We meet for a drink at Commissary Bravo. She wears Feminine Semi-Formal Attire #3, along with a custom belt made from discarded food packets — I have a wallet made of the same. I order a gin and tonic, and she has a vodka soda, though both are actually just recycled water with added flavor and ethyl alcohol. Unfortunately, ever since the first asparagus harvest, all the recycled water has had a distinct odor. After a few minutes of sitting and sipping filtered urine while adorned in silvery space garbage, we simultaneously become overwhelmed with disgust and announce we have early mornings tomorrow.
Our conversation in the app felt forced and stilted, but we agree to a date anyway. It’s going surprisingly well. She tells me an amazing story about how she recently saw a cat land on its feet after she threw it nearly thirty meters! I mesmerize her with a story about finding a lump in my thigh that turned out to be benign. A facilities op interrupts our conversation to inform us there is a problem with the oxygen levels in the building. We evacuate into a nearby hangar and wait in silence for the hypoxemia to pass. “Wait,” I say after a while, “why the hell did you throw a cat?”
A few hours before our date, she sends me a message: “Do you really weigh 190lbs?” “Yep!” I reply. But when I can’t find her at Commissary Bravo, it dawns on me that she is probably referring to our Mars weights, which means I’m looking for someone nearly three times larger than I’d imagined. Eventually we find each other, and despite the confusion, we have a nice time, though she keeps looking at my waist and saying she doesn’t usually date “skinny guys.” I order some loaded nachos, to prove I’m capable of change, but the next day she unmatches me.
She looks like a supermodel in her photos, so I’m slightly nervous about what her reaction will be to my bald head and bony elbows. But she lights up when she sees me, flashing the same bright smile I saw in her picture. The exact same smile, in fact. As she gives me a quick hug, I hear the faint hums and clicks of motorized appendages. “So, are you autonomous or remotely operated?” I ask, unwilling to pretend she’s human, but also reluctant to forgo the possibility of sex. “What do you mean? I’m not a robot,” she says, which means she’s remote-controlled, because the autonomous robots aren’t permitted to lie. Still, I’m surprised — this is the most advanced robot I’ve seen. Then I remember a notice of an active Turing test sent by the big boss himself. “Elon, is that you in there?” I ask. The robot doesn’t respond. It just sits there with a neutral smile, blinking and making small naturalistic gestures. I order another drink and leave the robot with the bill.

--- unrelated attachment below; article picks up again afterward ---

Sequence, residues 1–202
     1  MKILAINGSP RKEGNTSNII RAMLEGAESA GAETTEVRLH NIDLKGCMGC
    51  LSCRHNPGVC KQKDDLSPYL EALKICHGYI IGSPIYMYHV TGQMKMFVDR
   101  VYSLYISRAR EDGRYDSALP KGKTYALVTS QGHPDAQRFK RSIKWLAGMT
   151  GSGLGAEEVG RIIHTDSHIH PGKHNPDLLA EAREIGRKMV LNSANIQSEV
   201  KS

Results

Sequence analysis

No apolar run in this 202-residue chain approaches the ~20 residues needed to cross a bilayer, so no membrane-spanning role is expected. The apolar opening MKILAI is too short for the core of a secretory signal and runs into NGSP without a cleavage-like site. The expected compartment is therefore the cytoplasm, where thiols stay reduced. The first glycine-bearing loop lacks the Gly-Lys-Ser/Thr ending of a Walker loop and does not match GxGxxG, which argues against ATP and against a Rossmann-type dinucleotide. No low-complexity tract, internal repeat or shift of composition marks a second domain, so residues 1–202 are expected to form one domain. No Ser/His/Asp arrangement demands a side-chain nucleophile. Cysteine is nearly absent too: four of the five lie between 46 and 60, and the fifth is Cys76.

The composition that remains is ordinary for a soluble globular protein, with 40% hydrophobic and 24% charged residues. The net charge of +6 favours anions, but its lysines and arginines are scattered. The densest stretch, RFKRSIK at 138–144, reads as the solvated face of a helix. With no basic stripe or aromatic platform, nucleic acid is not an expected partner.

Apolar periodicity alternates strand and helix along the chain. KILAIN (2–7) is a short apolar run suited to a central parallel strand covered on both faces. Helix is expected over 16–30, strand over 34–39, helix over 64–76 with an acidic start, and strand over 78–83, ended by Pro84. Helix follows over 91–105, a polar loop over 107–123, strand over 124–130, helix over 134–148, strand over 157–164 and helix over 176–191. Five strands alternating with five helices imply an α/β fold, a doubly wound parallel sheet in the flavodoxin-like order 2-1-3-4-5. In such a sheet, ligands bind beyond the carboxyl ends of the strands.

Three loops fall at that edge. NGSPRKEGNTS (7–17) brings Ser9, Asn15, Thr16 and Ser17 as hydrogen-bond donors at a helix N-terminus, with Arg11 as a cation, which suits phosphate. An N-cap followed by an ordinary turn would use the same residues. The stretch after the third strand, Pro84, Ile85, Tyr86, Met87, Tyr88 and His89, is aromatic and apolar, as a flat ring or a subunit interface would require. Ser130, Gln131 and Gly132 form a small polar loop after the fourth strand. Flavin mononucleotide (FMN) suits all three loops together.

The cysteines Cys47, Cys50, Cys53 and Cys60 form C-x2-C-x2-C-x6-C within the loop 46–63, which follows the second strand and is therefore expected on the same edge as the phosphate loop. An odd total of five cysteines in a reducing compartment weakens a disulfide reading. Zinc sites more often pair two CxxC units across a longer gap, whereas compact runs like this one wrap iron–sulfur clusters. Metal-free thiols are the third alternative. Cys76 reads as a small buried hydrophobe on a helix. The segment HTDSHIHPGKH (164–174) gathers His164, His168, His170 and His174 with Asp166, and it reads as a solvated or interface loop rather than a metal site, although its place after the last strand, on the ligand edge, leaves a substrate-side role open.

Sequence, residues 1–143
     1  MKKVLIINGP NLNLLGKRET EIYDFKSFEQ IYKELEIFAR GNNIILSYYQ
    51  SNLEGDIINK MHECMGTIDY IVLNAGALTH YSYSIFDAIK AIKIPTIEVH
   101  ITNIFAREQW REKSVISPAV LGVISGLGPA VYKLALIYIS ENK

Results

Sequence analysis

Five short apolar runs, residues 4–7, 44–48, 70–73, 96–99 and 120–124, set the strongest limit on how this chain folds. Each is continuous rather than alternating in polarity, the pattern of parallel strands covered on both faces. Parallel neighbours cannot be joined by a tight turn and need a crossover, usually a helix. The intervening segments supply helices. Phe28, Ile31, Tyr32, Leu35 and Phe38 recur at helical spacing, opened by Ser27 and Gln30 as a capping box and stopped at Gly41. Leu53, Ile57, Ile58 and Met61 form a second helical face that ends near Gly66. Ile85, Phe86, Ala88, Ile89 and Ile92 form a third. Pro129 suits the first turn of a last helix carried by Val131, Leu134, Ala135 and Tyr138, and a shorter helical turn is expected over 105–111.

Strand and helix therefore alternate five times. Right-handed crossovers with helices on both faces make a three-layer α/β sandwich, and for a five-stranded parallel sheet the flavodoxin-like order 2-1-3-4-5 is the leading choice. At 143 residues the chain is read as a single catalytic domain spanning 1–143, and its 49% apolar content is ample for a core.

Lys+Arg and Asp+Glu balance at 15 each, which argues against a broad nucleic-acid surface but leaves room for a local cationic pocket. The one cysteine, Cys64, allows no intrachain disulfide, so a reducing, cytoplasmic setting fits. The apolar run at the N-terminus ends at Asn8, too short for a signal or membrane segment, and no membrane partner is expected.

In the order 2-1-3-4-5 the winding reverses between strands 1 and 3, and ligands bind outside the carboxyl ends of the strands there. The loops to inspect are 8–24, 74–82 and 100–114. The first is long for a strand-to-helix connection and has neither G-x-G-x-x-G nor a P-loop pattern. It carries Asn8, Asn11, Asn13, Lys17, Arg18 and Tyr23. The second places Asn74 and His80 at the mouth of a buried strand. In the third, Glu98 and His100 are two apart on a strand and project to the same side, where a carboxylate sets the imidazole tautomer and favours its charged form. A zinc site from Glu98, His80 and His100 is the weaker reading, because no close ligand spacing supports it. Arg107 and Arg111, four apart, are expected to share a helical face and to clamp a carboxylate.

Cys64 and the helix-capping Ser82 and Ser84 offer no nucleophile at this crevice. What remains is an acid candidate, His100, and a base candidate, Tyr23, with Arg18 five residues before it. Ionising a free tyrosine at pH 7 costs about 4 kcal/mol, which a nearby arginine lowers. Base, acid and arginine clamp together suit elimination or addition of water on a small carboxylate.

We go for a romantic drive around the settlement in one of the land rovers. Ten minutes in, we get a message that an unexpected dust storm is rapidly approaching. She stops the rover and quickly assembles the emergency shelter. She yells for me to retrieve the air tank and rations. I pull two metal cases from beneath the rover as a wall of red dust sweeps over the settlement. The last thing I see as I zip the tent behind us is our rover tumbling through the air like a leaf. For 11 days, we huddle next to each other through sub-zero temperatures, unable to do much more than hold each other and pray. Finally, a message comes over our phones that the storm has passed and a rover is coming to rescue us. We dig our way out from the dust. Our muscles have atrophied; our eyes struggle to adjust to the soft light of dusk. “We’re gonna tell our kids about this one day,” she says in a hoarse whisper. “Kids?” I say, and with my last ounce of strength, I unmatch her.
A friend sets me up on a blind date with an engineer I never met on the app. She arrives twenty minutes late, wearing a worn-out pair of Neutral Comfort Attire #1. She puts her bare feet up on the chair next to me and I smell them immediately. “Remember when you said ‘Not if I were the last woman on Earth?’” She chugs my drink then belches, sending droplets of recycled urine and saliva cascading across my face.